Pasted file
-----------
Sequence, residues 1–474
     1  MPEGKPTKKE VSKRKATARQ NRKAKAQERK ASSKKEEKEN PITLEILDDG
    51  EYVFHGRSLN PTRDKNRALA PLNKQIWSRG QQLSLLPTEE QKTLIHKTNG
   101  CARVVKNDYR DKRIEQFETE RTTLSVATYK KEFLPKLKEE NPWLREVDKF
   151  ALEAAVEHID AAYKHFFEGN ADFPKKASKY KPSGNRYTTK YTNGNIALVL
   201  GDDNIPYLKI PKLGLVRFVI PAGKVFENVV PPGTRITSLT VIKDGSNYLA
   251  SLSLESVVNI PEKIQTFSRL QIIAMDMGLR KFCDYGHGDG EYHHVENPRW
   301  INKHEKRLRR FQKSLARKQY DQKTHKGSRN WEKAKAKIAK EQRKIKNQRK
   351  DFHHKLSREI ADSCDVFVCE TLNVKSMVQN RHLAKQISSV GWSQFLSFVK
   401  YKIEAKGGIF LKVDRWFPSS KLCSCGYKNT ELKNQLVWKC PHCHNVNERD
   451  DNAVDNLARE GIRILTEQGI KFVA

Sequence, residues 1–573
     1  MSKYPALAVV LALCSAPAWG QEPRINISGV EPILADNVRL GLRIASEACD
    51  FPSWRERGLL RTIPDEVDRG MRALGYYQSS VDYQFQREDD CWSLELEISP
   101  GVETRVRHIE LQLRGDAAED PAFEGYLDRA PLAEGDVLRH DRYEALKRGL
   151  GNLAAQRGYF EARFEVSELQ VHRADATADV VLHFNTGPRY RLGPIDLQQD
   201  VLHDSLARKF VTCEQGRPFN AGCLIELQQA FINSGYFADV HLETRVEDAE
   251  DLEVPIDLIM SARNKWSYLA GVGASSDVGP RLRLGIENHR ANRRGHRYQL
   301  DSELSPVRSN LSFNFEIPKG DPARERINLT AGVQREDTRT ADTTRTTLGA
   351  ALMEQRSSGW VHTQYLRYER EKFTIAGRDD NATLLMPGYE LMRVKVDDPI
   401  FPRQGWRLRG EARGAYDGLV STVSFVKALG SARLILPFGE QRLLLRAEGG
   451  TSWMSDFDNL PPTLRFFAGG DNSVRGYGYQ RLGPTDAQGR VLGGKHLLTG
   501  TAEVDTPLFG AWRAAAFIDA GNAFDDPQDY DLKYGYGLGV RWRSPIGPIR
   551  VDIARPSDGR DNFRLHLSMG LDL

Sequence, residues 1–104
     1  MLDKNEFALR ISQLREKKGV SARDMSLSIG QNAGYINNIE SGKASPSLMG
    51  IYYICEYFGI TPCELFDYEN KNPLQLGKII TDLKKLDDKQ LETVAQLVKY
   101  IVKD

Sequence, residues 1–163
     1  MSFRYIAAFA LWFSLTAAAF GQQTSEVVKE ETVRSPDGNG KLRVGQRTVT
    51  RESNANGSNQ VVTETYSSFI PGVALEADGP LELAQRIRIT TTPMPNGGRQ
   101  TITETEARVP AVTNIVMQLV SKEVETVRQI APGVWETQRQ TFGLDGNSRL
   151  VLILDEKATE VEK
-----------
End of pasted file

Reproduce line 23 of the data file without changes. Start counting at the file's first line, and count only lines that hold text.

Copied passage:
   501  TAEVDTPLFG AWRAAAFIDA GNAFDDPQDY DLKYGYGLGV RWRSPIGPIR